The FreeBSD project has a Release Engineering team with a principal release engineer that is responsible for creating releases of FreeBSD that can be brought out to the user community via the net or sold in retail outlets. Since FreeBSD is available on multiple platforms and releases for the different architectures are made available at the same time, the team has one person in charge of each architecture. Also, there are roles in the team responsible for coordinating quality assurance efforts, building a package set and for having an updated set of documents. When referring to the release engineer, a representative for the release engineering team is meant.
When a release is coming, the FreeBSD project changes shape somewhat. A release schedule is made containing feature- and code-freezes, release of interim releases and the final release. A feature-freeze means no new features are allowed to be committed to the branch without the release engineers' explicit consent. Code-freeze means no changes to the code (like bugs-fixes) are allowed to be committed without the release engineers' explicit consent. This feature- and code-freeze is known as stabilising. During the release process, the release engineer has the full authority to revert to older versions of code and thus "back out" changes should they find that the changes are not suitable to be included in the release.
.0 releases are the first release of a major version. These are branched of the -CURRENT branch and have a significantly longer release engineering cycle due to the unstable nature of the -CURRENT branch
.X releases are releases of the -STABLE branch. They are scheduled to come out every 4 months.
.X.Y releases are security releases that follow the .X branch. These come out only when sufficient security fixes have been merged since the last release on that branch. New features are rarely included, and the security team is far more involved in these than in regular releases.
There are three different kinds of releases: <_:orderedlist-1/>
Many commercial vendors use these images to create CD-ROMs that are sold in retail outlets.
For releases of the -STABLE-branch, the release process starts 45 days before the anticipated release date. During the first phase, the first 15 days, the developers merge what changes they have had in -CURRENT that they want to have in the release to the release branch. When this period is over, the code enters a 15 day code freeze in which only bug fixes, documentation updates, security-related fixes and minor device driver changes are allowed. These changes must be approved by the release engineer in advance. At the beginning of the last 15 day period a release candidate is created for widespread testing. Updates are less likely to be allowed during this period, except for important bug fixes and security updates. In this final period, all releases are considered release candidates. At the end of the release process, a release is created with the new version number, including binary distributions on web sites and the creation of CD-ROM images. However, the release is not considered "really released" until a <xref linkend="tool-pgp"/>-signed message stating exactly that, is sent to the mailing list freebsd-announce; anything labelled as a "release" before that may well be in-process and subject to change before the PGP-signed message is sent. <_:footnote-1/>.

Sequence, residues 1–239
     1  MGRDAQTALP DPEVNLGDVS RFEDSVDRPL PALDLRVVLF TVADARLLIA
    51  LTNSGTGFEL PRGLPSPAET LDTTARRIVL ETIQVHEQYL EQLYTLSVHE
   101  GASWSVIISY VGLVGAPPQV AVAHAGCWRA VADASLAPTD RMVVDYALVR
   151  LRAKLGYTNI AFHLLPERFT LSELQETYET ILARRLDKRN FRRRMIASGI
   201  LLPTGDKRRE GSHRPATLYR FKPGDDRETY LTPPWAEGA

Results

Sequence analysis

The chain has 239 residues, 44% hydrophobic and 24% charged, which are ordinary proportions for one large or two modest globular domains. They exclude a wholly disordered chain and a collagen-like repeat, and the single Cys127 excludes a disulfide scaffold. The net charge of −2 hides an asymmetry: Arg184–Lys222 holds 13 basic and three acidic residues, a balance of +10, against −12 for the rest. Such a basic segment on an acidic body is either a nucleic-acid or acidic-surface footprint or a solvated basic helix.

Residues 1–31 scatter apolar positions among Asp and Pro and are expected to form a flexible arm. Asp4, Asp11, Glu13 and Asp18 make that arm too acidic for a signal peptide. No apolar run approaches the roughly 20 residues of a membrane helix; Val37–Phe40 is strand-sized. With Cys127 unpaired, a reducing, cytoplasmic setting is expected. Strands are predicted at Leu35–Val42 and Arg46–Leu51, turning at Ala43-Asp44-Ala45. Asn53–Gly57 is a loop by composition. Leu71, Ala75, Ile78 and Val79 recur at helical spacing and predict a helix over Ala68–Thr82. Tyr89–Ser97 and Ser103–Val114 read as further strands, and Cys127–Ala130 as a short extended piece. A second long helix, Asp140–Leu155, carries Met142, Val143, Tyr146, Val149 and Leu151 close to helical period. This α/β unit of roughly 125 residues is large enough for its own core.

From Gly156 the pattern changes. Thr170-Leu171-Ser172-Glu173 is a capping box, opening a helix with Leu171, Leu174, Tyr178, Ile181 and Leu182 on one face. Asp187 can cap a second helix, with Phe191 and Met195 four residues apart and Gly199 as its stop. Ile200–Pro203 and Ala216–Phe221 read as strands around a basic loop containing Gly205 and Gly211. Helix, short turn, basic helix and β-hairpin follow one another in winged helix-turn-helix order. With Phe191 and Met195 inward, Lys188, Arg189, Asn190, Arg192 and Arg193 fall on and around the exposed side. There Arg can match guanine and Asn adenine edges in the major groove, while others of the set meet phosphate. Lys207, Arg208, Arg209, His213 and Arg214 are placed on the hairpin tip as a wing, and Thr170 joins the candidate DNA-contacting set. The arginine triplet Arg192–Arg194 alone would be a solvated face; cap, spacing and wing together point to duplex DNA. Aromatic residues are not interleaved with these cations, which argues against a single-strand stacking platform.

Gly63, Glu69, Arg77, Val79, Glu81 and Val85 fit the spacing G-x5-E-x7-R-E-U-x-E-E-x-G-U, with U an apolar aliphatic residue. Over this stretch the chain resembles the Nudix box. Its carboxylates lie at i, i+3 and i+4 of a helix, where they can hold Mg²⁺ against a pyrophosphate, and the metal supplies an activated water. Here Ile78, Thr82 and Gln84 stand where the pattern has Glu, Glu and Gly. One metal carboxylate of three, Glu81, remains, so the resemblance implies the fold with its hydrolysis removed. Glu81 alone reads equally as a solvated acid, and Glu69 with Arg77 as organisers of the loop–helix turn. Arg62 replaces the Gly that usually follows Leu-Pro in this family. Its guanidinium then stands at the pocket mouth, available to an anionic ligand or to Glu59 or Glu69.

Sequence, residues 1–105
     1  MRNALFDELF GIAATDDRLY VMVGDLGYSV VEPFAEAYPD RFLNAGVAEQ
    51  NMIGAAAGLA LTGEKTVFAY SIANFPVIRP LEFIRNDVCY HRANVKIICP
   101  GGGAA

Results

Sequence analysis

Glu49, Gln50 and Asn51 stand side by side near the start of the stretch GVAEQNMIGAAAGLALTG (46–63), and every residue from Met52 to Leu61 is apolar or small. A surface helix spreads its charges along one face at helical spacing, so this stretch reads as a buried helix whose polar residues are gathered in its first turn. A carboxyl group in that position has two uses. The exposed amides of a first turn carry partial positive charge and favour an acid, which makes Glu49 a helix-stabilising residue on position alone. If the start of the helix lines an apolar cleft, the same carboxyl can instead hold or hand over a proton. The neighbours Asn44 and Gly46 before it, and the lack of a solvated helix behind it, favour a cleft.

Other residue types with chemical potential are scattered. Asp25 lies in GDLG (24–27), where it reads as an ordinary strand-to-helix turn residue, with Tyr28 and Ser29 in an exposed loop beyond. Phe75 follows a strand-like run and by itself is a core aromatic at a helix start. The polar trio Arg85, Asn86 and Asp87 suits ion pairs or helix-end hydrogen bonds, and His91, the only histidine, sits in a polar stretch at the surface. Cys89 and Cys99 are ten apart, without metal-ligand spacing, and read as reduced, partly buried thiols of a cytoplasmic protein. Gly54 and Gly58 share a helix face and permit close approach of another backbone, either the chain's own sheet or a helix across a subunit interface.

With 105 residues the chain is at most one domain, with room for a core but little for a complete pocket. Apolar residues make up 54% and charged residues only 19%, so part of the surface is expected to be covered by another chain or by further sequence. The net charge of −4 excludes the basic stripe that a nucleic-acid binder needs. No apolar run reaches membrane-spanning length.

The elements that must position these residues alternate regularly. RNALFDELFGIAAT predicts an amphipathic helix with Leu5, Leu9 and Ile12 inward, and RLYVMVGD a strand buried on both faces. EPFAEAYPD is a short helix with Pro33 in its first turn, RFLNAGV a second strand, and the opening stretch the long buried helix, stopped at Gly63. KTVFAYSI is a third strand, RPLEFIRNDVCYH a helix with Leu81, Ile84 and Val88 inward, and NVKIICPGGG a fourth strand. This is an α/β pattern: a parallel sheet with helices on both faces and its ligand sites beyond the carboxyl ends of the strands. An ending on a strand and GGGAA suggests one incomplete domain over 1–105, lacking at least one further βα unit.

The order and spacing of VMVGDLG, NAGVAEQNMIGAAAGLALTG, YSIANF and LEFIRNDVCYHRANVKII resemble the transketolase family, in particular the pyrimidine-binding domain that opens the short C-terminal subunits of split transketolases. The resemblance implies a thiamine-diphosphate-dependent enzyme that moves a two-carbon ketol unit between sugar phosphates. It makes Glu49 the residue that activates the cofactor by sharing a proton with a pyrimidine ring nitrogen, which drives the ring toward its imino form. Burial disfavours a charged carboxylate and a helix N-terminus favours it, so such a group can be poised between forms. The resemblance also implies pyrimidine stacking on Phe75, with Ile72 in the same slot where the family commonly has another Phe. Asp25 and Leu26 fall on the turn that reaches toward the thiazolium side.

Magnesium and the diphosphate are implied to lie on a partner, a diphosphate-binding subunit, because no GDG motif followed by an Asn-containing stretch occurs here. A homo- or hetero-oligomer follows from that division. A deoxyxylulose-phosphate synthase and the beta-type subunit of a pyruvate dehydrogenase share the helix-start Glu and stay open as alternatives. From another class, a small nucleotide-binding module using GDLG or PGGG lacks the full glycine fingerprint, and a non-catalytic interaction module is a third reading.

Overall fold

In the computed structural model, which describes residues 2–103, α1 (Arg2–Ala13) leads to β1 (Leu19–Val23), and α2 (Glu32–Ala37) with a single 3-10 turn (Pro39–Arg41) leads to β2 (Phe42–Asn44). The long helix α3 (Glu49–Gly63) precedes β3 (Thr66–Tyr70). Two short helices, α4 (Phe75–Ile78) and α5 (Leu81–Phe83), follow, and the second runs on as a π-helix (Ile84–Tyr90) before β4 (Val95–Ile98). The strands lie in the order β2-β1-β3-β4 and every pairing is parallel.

The releases of the -CURRENT-branch (that is, all releases that end with <quote>.0</quote>) are very similar, but with twice as long timeframe. It starts 8 weeks prior to the release with announcement of the release time line. Two weeks into the release process, the feature freeze is initiated and performance tweaks should be kept to a minimum. Four weeks prior to the release, an official beta version is made available. Two weeks prior to release, the code is officially branched into a new version. This version is given release candidate status, and as with the release engineering of -STABLE, the code freeze of the release candidate is hardened. However, development on the main development branch can continue. Other than these differences, the release engineering processes are alike.
.0 releases go into their own branch and are aimed mainly at early adopters. The branch then goes through a period of stabilisation, and it is not until the <xref linkend="role-releng"/> decides the demands to stability have been satisfied that the branch becomes -STABLE and -CURRENT targets the next major version. While this for the majority has been with .1 versions, this is not a demand.

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Source string comment
(itstool) path: listitem/para
Flags
read-only
Source string location
book.translate.xml:2145
String age
a year ago
Source string age
a year ago
Translation file
books/dev-model.pot, string 303